The second dike, the Onwaardsedijk, is a ancient and had lost its function; but because of its historical value it had been declared a monument. Its height averaged only three meters. Going over it would have changed the landscape too much because the bridge was a short distance further, and there would have been an extra perpendicular dike between the Onwaardsedijk and the dikes along the canal. So the planners had already decided to cut through it. They had planned to round off the truncated ends. This would have more or less camouflaged the dike as it was already so low. So I decided to make the cut explicit by showing it clearly. Its height and shape were presented by making a vertical cut and making it crisp with concrete walls - no higher than the dike - following its contour. One wall was black and the other white in order to further disassociate the dike from the road.
As the planning of bridge was still in a very early stage in 1984, and my
input was still in an experimental phase, the provincial engineers proposed that
I present my ideas on it. The Dirksland Canal was a very old waterway and did
not have a straight course. Its width varied.
Because the bridge could not be too high in the landscape, the span had to be shorter than the distance between the dikes which border the canal. A larger span would have necessitated higher T- beams. Therefore the engineers originally had the intention to make abutments which would project from the dikes. I did not want obtrusive additions which did not fit in my concept of clear distinct forms. I studied the possibilities of adapting the course of the dikes to the unavoidable shorter span. The roads division in Brielle and I made a number of variations which would keep the unity of the canal and its dikes and have the bridge be no more than a plane across the water - the most elementary structure. Once the height of the underpasses was fixed, the water level of the canal necessitated retaining walls to keep the roads dry. That meant that an arrangement of concrete planes was possible. In compliance with my views on the road in the surrounding rural landscape, also here I felt the need to preserve the character of the existing landscape and not adapt the structures of the bridge and its retaining walls to the lines of the surroundings. Nor did I want to change the surroundings to accommodate the bridge. So, I decided to distinguish the structure of the bridge from its environment, and organize elementary concrete planes in a perpendicular fashion. Each had to be an autonomous form - a two dimensional rectangular plane. Only the dimensions and thicknesses were variable - their juxtaposition had to be intelligible. The axis of the Dirksland canal changes direction continuously; therefore the formation had to be adjusted to the direction of the canal and its dikes at this location. That meant that the road, which had its own course and was not exactly perpendicular to the axis of the retaining walls, was to cross the bridge at a slight angle. I decided to use color as a way of distinguishing the structure from its surroundings. I emphasized the autonomy of each of the elements by giving it its own color as well as differentiating the symmetric elements of the bridge to challenge the programmed way of our interpreting that which we see.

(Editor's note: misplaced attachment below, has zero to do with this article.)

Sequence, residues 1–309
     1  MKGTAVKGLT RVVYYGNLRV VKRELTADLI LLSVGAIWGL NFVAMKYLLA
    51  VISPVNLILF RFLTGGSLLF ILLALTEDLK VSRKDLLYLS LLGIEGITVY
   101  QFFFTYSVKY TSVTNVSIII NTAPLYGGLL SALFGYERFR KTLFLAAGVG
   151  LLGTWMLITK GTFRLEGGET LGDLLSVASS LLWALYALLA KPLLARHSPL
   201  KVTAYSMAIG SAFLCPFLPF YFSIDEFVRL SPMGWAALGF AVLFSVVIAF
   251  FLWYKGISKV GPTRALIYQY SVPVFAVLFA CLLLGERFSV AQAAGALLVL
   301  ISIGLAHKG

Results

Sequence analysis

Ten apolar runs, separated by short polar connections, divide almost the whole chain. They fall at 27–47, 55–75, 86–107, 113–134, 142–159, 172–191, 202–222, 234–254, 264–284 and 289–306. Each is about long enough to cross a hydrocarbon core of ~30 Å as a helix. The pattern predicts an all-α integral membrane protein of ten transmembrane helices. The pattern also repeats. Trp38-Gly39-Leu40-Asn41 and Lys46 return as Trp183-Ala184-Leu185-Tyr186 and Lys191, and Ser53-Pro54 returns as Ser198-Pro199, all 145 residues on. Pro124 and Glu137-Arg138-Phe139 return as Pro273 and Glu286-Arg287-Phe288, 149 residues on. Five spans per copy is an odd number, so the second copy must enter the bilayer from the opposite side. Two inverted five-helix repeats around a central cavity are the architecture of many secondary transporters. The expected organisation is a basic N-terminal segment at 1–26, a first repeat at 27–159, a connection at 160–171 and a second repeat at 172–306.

After crossing the bridge there is a large space on the right, and later on the left also; I utilized these areas to plant rows of poplar screens at a sharp angle to the road. The seven screens are only twenty five meters apart, but because they are placed at the sharp angle to the road, the actual distance one drives from one screen to the next is eighty five meters. So the rhythm one sees differs from that which he perceives. At the end of the stretch of highway, coming from the bridge, the succession of interspaces between the screens lead to a large shape -.driving from either direction, a twenty five meter square space, bounded by poplar trees, acts as a focal point. A small path winds through it; from it one finds himself in a large volume, opened to the sky. As the trees grow they at one time will form a cube (I calculate it will be around 2015).
Lucien den Arend